The 2021 guidelines build on the 2015 guidelines and the latest recommendations from the European Resuscitation Council (ERC), providing the best up-to-date evidence for clinical practice in the UK, including the use of escalating and high levels of energy.
The guidelines also recognise that many cardiac arrests have premonitory signs and are preventable. Anthony Freestone, RCUK regional representative for the North West and advanced clinical practitioner at Blackpool Teaching Hospitals NHS Foundation Trust, explains: “The focus must always be on preventing cardiac arrest from occurring. Greater emphasis on recognising and treating the deteriorating patient should be every NHS Trust’s responsibility, in line with other Guidelines such as NICE (CG50).
“With the growing recognition that many cardiac arrests can be identified in advance, it makes sense to employ comprehensive monitoring where possible to reduce mortality. Our defibrillator supplier builds precision monitoring into its defibrillators, to assist in peri and post arrest resuscitation stages.”
On the latest defibrillation and cardioversion guidelines, Mr Freestone said: “Working in a Regional Cardiac Centre, with some of the best and most qualified staff within the field, I feel that energy plays a major part in resuscitation. In my experience for both defibrillation and cardioversion, using the highest possible energy level is a clinical necessity, a shock strategy re-enforced by both the RCUK and the ERC in certain situations. The guidelines call for an ‘initial synchronised shock at maximum defibrillator output’ to respond to atrial fibrillation, as this arrythmia often requires greater levels of energy to terminate.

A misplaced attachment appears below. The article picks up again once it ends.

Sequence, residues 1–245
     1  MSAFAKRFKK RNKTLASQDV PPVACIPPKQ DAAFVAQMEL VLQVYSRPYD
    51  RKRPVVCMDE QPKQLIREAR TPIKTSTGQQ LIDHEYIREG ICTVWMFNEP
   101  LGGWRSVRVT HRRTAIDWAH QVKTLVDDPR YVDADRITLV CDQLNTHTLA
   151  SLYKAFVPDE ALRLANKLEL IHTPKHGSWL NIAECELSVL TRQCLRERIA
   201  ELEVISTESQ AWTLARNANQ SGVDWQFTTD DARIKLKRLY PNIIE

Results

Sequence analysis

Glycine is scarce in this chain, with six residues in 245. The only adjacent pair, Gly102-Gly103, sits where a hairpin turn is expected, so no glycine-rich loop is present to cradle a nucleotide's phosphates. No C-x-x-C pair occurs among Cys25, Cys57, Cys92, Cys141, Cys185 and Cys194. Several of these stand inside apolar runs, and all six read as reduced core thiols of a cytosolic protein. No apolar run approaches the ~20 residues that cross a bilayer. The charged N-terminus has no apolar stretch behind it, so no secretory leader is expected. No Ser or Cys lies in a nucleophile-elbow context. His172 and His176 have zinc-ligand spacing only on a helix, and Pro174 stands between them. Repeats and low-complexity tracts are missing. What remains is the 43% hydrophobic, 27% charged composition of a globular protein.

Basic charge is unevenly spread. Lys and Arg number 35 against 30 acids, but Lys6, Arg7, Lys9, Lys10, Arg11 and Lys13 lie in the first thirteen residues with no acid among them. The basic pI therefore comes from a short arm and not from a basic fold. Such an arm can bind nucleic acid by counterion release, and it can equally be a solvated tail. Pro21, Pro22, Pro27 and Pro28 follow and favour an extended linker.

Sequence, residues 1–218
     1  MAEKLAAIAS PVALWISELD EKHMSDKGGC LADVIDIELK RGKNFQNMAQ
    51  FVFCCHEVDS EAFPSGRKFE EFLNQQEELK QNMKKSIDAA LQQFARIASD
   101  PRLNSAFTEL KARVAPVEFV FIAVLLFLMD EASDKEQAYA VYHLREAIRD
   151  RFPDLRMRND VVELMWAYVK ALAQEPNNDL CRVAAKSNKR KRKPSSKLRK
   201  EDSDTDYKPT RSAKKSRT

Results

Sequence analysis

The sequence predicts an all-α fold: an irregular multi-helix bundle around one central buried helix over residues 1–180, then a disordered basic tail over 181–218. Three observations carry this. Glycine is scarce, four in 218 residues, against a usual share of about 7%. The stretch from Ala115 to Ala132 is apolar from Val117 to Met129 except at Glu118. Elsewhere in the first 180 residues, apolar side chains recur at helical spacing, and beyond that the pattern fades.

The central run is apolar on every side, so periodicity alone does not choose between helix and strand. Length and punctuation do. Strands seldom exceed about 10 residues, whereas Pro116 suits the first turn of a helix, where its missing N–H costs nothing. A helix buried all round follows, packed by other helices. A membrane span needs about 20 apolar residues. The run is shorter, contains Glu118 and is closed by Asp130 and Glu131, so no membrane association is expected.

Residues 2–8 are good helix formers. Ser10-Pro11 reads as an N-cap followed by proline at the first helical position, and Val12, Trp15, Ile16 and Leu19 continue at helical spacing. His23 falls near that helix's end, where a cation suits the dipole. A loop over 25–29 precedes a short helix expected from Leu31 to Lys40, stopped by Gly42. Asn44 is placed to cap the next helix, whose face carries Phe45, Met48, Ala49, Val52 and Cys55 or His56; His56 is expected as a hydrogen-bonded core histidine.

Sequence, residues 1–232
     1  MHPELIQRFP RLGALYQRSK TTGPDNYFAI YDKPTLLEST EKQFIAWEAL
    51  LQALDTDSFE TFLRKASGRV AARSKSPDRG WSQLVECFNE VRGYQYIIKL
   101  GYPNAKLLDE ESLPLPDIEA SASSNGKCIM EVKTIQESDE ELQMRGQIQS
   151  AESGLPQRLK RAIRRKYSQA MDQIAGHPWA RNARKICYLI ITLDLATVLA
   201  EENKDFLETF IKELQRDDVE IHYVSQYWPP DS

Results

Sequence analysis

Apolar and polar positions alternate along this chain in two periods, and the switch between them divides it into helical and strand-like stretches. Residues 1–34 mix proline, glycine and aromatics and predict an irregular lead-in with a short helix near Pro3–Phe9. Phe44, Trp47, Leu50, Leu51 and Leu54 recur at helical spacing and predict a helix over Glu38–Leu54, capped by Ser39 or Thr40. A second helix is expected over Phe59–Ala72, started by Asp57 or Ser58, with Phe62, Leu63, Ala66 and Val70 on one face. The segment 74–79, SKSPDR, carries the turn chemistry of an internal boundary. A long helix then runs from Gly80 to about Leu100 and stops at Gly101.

“Our Mindray defibrillators can rapidly charge and produce a biphasic shock at up to 360J in five seconds, so we are ideally equipped to meet this guideline.
“For fixed high energy versus escalating shocks protocols, this is a very exciting time. The guidelines again highlight escalation of energy after a failed shock, and for patients where refibrillation has occurred, but now give us the option of starting within an energy range, empowering Resuscitation Departments to think outside the box when it comes to defibrillation energy requirements.”
The new guidelines clarify the RCUK’s position on capnography, requiring it be used to monitor the quality of CPR.
“While defibrillation is important, we need to continue to push for high quality CPR, where the only recommendation is for capnography, which had previously always been more of a consideration. The technology does more than just tell the user to push harder, it’s an accurate display of how the resuscitation attempt is going and can provide a real insight into performance and feedback.” Mr Freestone comments.
“Our Mindray devices provide up to 360J, capnography and a full range of peri and post arrest monitoring, which from a point of care perspective enables the patient to have the best possible chance of survival no matter the stage of resuscitation they are in.”
Published in Resuscitation Today, July 2021: https://www.resustoday.com/back-issues/